Libra - Facebook´s digital currency project - has been a very popular talk lately. Even US President Trump tweeted about it. But few have looked at what may be the hidden implications of Facebook´s project.
Libra´s whitepaper is far from exhaustive. It is the first published version and what in the end may be left after the regulators have looked into it may be very different indeed.
All in all the whitepaper is well written and has been put together by a competent team of people, the Libra protocol describes a distributed blockchain which components are open source and can be
permissionless built. It is a very "politically correct" whitepaper with mandatory and comforting statements about "banking the unbanked" ...
Ray Dalio´s recent post on economic cycles and the coming paradigm shift is very well written. His usual capability of putting into simple terms complex concepts (if you are interested in understanding how the economic machine works have a look at his video here), coupled with his knowledge of economic and monetary history are very rare even among the most accomplished and successful macro investors. Even rarer - unfortunately - among policy makers, central bankers and politicians. Personally, when Dalio speaks, I always listen carefully and - more often than not - I agree.
But not this time, at least not entirely. Even Dalio´s flawless macro-analysis misses something. And it is something big, something very important. Possibly the biggest paradigm shift since the early ´90s and the internet.
The FATF (Financial Action Task Force) has recently issued a new set of guidelines which are applicable to the crypto sector, mainly with regard to Virtual Assets (VA) and Virtual Assets Service Providers (VASPs). But let´s bring some order into something that might otherwise be slightly confusing and which implications have generated some degree of alarm in the crypto community.
What is FATF
This financial task force was created back in 1989 by the then G7 ministries to set standards and promote the implementation of legal, regulatory and operational measures for combating money laundering, terrorist financing and other related threats to the integrity of the international financial system. The FATF is not a legislative body...
The latest news are that Block.one, the developer behind crypto-token EOS, will use some of the record US$4 billion it raised in the 2018 ICO to buyback - in a private deal - at least 10% of Block.one´s shares from early investors. According to Bloomberg, which released the news, this will value the company at a record US$2,3 billion from the US$40 million evaluation of its seed round in 2017.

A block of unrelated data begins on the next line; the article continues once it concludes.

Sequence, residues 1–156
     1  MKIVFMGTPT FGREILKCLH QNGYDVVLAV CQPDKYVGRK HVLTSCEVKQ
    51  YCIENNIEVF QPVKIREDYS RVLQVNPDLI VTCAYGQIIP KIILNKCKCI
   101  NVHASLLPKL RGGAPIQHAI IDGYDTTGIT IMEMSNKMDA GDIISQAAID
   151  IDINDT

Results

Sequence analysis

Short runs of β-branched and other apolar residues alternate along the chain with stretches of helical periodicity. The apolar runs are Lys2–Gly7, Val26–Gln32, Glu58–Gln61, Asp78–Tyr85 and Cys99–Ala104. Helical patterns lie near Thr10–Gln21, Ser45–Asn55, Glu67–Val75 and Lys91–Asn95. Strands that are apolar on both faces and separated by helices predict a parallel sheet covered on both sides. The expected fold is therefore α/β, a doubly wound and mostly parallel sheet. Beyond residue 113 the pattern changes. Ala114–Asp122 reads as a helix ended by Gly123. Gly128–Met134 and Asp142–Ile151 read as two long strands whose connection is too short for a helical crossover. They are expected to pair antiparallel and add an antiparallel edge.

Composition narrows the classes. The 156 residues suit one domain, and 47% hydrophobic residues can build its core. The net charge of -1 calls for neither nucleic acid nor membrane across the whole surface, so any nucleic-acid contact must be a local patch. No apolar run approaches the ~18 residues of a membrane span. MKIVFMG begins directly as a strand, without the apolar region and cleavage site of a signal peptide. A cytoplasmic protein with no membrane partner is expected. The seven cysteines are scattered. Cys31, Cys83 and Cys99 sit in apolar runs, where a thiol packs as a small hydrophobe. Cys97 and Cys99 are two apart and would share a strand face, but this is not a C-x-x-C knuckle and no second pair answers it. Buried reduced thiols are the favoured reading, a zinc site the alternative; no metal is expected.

More details about who are the fortunate shareholders who will benefit from a stellar 6,657% return in 1 year are not known, nor are the modalities of the buyback.
After a long winter the optimism is back in the crypto world. Sure enough I also share this widespread feeling... though for mostly different reasons.
So which are the real reasons behind the recent crypto run up?
Investors have pointed to the Chinese fearing capital controls and to a general flight to safety because of the global geo-political tensions. Although both motives may well be (temporary) concurring reasons - which incidentally also increases the risk for short term speculative spikes and painful wash-outs - my optimism never faded in this long winter and it is much more long term based because it lies with fundamental factors.
Simply, it is the institutional money - increasingly attracted to the sector - which drives the growth and will continue to do so.
The time is ticking. On 21st of July 2019 the new Prospectus Regulation (2017/1129) will become applicable in all the EU member states. This regulation will repeal the previous Prospectus Directive 2003/71/EC and introduce a new set of important provisions which may just well be the boost needed by the crypto sector to launch intra EU public offerings of security tokens (STOs).
This new regime was conceived with the purpose of allowing SMEs easier and cost effective access to capital markets across the EU. The regulation enters into force in two different phases...
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